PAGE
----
Saturday, June 22, 2019

Transforming My Writing for My Students

This summer, I took the time to reflect on what went well during the school year, and what I want to improve next year. I recently completed my 10th year of teaching, but my first year in a new district with new instructional expectations. Despite having a learning curve, I know I did my best to give every student in my class the education they each deserved.

In reading and math,  all of my students made significant improvement when comparing beginning of year and end of year benchmarks and assessments. While there are some lessons and activities in both that I want to tweak and make more effective, for the most part, I am satisfied with the growth my students and I were able to accomplish.

As for writing, that is a totally different subject (pun intended). I am far from satisfied with my student's growth, since there wasn't much overall. Writing was a struggle for many of my students, because I struggled to provide them with effective instruction. To be honest, I have struggled as a writing teacher for many years. Sadly, it has taken me this long to finally decide to do something about it.

The first step I have taken toward transforming my writing instruction has required me to change how I feel about myself and writing. This was a mental and a physical process.  I had to stop tell myself I wasn't good at writing. The truth was I had never really tried to write. It dawned on me that in order to teach writing well, I must write. So, I started writing. I started keeping a journal/notebook and putting forth the effort to write everyday. Thankfully, I stumbled upon a couple of opportunities on Twitter that helped to focus my purpose for writing (@TeachWriteEDU and #100DOSW19). I'm not sure I would have known where to start, otherwise.

Next, I started thinking about what I want my students to be able to do as writers. I realized that they needed opportunities to write., as journal, to reflect, to experiment with ideas, and to do it daily. So, I decided that every student will keep a writer's notebook, as I do. They will be encouraged to write about anything...interests, hobbies, fiction, non-fiction, poetry, whatever.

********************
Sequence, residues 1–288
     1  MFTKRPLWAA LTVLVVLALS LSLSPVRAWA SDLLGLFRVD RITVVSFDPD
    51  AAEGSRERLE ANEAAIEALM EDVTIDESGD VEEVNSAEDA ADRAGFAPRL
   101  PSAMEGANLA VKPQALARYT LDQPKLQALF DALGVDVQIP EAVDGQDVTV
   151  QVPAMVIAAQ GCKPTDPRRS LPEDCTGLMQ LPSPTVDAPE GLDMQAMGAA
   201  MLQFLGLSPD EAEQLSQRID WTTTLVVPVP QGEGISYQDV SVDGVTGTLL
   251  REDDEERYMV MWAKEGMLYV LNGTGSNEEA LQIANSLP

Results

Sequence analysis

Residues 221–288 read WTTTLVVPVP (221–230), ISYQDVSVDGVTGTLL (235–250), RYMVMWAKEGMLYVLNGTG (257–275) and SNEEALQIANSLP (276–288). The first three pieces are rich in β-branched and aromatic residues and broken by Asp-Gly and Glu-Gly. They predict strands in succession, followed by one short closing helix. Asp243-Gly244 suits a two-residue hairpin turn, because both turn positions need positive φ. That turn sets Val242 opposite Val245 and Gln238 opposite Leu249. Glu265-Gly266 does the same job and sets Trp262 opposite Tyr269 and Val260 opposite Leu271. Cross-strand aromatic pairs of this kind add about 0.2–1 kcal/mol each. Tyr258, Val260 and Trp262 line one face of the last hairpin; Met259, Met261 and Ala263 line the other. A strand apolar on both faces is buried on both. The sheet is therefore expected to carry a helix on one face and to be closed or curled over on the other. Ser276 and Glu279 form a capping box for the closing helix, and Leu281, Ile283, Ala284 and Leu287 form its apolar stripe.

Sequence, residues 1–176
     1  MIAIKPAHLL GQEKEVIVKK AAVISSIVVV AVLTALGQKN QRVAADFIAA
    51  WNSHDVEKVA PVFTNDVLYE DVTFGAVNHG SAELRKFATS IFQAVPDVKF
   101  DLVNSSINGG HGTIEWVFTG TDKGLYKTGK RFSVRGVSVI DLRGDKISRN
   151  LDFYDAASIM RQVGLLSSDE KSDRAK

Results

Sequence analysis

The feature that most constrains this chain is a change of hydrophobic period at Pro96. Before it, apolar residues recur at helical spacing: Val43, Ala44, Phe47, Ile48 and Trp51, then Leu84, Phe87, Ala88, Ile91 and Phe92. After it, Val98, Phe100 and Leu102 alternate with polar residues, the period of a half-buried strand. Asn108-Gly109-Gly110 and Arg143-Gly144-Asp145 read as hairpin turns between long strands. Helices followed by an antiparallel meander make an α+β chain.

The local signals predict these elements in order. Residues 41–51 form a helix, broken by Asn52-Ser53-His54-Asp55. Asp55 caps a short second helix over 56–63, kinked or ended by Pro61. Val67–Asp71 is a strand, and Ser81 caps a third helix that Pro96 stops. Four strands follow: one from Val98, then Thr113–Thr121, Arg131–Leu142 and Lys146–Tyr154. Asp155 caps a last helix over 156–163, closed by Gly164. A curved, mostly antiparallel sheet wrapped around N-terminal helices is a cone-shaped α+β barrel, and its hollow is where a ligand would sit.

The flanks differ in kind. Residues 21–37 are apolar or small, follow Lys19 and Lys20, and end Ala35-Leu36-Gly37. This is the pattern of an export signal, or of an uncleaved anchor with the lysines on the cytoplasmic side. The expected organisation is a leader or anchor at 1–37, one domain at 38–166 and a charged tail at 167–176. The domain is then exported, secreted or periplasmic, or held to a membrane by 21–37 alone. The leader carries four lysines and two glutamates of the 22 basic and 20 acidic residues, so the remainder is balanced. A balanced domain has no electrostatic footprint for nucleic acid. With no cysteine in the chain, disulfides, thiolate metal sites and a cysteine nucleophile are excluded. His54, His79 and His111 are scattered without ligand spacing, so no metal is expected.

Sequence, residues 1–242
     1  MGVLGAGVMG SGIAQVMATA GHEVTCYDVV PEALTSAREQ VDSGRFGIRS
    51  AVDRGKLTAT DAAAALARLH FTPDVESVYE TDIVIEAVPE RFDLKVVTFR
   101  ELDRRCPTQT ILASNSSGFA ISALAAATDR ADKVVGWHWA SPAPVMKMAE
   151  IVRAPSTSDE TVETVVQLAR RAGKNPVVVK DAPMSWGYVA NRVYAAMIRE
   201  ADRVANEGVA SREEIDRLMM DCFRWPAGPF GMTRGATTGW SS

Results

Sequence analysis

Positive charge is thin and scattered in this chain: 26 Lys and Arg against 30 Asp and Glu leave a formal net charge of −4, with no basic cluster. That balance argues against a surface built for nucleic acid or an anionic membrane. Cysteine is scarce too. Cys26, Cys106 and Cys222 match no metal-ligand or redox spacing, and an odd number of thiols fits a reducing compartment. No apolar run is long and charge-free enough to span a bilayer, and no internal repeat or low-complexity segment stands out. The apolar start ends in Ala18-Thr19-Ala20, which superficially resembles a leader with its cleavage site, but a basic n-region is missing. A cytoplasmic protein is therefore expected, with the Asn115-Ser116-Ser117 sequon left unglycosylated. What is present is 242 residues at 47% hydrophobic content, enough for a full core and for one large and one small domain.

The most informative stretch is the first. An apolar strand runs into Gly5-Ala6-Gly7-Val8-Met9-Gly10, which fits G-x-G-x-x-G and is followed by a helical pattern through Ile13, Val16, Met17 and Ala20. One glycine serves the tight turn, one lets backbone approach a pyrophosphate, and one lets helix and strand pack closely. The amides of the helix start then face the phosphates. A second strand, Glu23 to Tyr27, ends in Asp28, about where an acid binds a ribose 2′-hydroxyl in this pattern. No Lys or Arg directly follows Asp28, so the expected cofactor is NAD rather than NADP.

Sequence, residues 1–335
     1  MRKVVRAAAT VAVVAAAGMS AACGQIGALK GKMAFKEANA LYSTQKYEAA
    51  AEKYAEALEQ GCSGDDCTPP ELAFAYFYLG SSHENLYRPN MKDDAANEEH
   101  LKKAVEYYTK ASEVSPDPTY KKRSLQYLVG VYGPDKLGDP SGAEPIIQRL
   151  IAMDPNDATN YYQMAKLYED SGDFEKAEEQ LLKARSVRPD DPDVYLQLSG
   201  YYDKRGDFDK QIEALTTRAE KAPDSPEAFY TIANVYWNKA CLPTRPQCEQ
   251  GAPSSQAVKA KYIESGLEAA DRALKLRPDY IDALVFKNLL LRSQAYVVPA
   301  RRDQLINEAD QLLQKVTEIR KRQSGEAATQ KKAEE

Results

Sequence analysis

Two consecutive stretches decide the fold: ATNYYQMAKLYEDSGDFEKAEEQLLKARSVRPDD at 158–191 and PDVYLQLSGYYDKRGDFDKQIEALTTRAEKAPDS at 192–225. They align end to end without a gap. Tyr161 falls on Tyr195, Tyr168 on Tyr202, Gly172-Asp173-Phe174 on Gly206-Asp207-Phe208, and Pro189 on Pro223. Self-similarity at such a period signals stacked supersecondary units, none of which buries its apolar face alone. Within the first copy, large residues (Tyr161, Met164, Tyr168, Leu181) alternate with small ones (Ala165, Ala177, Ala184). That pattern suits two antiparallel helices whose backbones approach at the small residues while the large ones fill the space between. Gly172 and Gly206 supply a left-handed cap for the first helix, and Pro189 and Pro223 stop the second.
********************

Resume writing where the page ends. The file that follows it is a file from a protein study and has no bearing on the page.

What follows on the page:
Now, I am intelligent enough to know that a writer's notebook alone would not lead to the high-quality writing I am expecting from my future scholars.  No, that comes only with effective instruction. As I visualized what writing instruction would look like, I knew what I didn't want. I didn't want to continue with the cookie-cutter, everyone writes about the same topic in the same manner in which I model, instruction. I want my students to be able to write the way real writers and authors write.

Thankfully I found "The Writing Thief" by Ruth Culham tucked away on one of my bookshelves.  This gem has provided me with real and relevant mentor texts I can use to SHOW my students what good writing looks like and how they can take what an author has done and use it in their own writing pieces.

The final step, for now, is to practice for myself what I expect my scholars to do. Maybe by the end of this summer, I will be have become a writing master...well, maybe not. Hopefully, I will have at least improved enough to produce a few mentor pieces of my own.

Tuesday, June 11, 2019

Summer Firsts

So, a thing happened today. I created a blog using  Obviously, this is a first. By its very definition, create means to make something that has never been. I guess that's really the definition for invent, but as far as I'm concerned, I invented a blog that belongs to me.

Summer break has just gotten under way, since my last day of school was Wednesday, June 5. However, it has already been full of excitement and anticipation in this short period of time. 

First, I decided I would write during his summer... write something, anything... be a writer. A writer of ideas for now. Maybe books, later.

Next, I wrote a short piece about getting started as a writer. It was published in a blogspot for on June 10. At the same time, I have been writing/journaling daily for the #100DOSW10 (100 Days of Summer Writing).

Then, I registered for a virtual writing workshop for teachers via TeachWrite. This evening, I participated in my first workshop and wrote for an hour (never done that before), producing five journal-pages about "Hair". Apparently, I had a lot to say about that.

I think I'm going to stick with this writing thing. Set some goals and write everyday.